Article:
POLITICS

UK Falls Below Kazakhstan In Top Expat Destination Survey

Political instability is one of the main reasons for the drop.

06/09/2017 08:01 BST | Updated 07/09/2017 10:34 BST
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The UK has fallen below Kazakhstan in a list of top expat destinations thanks to a rise in the cost of living and ongoing political instability.

A survey of 13,000 expats across the world placed the UK at number 54 - based on factors such as quality of life, friendliness and security.

In 2016, the survey – carried out by expat organisation InterNations – had the UK ranked 33rd, but the Brexit vote and weak pound have damaged the country’s attractiveness in the eyes of migrants.

The UK is now ranked below Kazakhstan (35), Kenya (37) and Russia (50), while Bahrain, Costa Rica and Mexico topped the list.

InterNation

InterNations co-CEO Malte Zeeck said: “The UK’s drop in the overall ranking cannot be ignored; it has lost 21 places compared to last year. This decline has been heavily influenced by rising political and financial concerns. Changes in British politics have left foreign residents with much uncertainty.”

“Even though the survey took place before the 2017 general election, it looks like expats in the UK were already concerned with what the future might bring after last year’s referendum. This might have been one of the reasons why the country lost 30 percentage points when it comes to satisfaction with political stability.”

“The fluctuation of the pound has probably increased expats’ concerns about their personal finances. The UK finds itself among the bottom 10 of the Personal Finance Index this year. However, the financial situation has not been favorable for expats for a while, as the UK has been stuck among the 20 worst-rated countries since 2014.”

Internation
Internation

In 2016 more than three-quarters of respondents (77%) regarded the UK as politically stable, yet just 47% share that opinion one year later. 

The UK is also below average when it comes to how welcome migrants are made to feel, with just 50% believing the attitude towards foreign residents is generally good - 67% worldwide - and a just 12% consider it very good (global average: 26%).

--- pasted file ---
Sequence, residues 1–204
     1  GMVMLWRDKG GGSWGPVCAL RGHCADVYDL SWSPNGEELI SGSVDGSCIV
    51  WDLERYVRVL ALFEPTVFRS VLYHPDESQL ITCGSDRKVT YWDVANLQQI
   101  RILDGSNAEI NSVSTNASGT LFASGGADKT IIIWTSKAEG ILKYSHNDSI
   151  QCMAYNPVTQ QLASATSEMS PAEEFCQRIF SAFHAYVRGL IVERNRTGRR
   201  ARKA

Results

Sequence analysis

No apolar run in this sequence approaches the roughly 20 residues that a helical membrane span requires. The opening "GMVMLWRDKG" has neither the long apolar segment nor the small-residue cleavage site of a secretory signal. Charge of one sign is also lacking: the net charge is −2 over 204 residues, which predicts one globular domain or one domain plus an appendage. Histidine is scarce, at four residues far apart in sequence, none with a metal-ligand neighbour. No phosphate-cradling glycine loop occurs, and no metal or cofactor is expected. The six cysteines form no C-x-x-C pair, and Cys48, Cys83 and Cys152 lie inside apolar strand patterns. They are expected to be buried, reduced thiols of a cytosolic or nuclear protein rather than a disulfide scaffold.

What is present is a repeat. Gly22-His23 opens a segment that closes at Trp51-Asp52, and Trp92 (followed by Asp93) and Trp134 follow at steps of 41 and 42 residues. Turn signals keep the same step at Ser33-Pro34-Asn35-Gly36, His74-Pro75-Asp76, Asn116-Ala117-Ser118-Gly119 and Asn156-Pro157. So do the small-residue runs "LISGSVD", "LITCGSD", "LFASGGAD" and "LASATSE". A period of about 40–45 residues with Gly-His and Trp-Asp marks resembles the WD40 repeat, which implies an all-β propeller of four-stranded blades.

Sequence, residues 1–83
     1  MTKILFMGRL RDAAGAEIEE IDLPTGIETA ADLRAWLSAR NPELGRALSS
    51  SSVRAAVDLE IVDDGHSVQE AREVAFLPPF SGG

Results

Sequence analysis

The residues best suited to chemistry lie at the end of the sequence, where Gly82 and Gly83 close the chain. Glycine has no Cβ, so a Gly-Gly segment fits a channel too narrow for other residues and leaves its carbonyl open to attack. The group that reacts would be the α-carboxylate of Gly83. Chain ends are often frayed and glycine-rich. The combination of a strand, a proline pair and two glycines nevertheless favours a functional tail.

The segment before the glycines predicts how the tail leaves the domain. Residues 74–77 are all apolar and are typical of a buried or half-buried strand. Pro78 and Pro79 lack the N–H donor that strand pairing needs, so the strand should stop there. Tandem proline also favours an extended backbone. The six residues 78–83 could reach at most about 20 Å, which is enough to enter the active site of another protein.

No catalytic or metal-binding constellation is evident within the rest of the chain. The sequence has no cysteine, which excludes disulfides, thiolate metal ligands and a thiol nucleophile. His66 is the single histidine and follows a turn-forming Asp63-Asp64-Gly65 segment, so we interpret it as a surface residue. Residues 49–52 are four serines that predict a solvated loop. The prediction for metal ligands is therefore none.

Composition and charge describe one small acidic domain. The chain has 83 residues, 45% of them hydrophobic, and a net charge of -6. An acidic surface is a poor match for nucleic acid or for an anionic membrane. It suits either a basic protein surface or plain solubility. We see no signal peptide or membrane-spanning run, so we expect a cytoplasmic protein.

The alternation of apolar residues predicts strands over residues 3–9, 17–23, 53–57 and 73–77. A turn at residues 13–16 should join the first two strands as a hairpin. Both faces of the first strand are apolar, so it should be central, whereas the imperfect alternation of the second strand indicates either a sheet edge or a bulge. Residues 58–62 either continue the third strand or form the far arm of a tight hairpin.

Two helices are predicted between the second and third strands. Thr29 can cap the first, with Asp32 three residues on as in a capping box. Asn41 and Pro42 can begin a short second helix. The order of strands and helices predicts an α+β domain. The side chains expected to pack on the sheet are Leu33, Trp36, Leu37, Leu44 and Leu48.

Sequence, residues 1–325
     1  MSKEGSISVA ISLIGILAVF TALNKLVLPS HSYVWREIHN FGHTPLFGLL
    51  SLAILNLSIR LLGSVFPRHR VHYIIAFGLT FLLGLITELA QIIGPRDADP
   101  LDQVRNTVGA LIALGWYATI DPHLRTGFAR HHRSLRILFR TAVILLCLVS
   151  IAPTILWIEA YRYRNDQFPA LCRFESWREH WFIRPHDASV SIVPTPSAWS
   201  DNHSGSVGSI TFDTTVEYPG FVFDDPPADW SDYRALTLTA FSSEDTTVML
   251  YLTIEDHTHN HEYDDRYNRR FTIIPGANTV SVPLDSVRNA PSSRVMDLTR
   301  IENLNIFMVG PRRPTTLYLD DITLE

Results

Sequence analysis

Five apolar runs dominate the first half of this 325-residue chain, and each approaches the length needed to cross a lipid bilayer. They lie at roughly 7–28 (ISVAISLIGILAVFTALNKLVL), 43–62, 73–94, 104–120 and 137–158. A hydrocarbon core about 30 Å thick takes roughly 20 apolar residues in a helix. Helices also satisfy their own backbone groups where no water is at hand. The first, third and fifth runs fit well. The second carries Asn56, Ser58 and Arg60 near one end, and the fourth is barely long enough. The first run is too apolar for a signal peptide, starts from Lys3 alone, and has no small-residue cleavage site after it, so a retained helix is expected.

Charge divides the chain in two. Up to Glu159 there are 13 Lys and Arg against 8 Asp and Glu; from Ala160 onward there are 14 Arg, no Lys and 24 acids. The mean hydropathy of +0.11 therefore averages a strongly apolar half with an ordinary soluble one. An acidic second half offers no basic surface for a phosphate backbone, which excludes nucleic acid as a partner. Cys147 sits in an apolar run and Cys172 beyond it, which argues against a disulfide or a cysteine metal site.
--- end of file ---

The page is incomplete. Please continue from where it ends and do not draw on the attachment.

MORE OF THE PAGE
Over a quarter say they have felt unwelcome due to their nationality at least sometimes (18%), frequently (6%), or even all the time (2%).

When it comes to the making new friends, the UK ranks 49th out of 65 countries.

Labour MP Chris Bryant MP,  a backer of the anti-Brexit Open Britain campaign, told HuffPost UK: “Nobody voted in the referendum for Britain to become a less welcoming country for people who have come here to build their lives in our country.

“For Britain to thrive in future we need to be open to talented and hard-working people from across the world. The Government must not allow Brexit to damage Britain’s reputation for openness.

“It would be a disaster for this country if we were to gain a reputation for giving a grudging welcome to doctors, nurses and others who have come to this country to make a difference and help build a strong and prosperous country.

“Ministers should start by guaranteeing the rights of EU citizens already resident in Britain, rather than sending them letters threatening deportation.”

The UK is still seen as having benefits for families moving abroad, with nearly eight in ten expat parents (78%) saying they are impressed with the leisure activities available for kids.

The British education is also seen as a plus, with two-thirds of respondents regarding it favourably.

When it comes to Brits overseas, 81% were generally satisfied with life abroad, and 52% say they are unlikely to return to the UK.

InterNations asked about 13,000 expatriates representing 166 nationalities and living in 188 countries or territories to rate and provide information on various aspects of expat life. The survey report covers topics relating to the quality of life, ease of settling in, working abroad, family life, personal finance and the cost of living.

The full survey can be found here.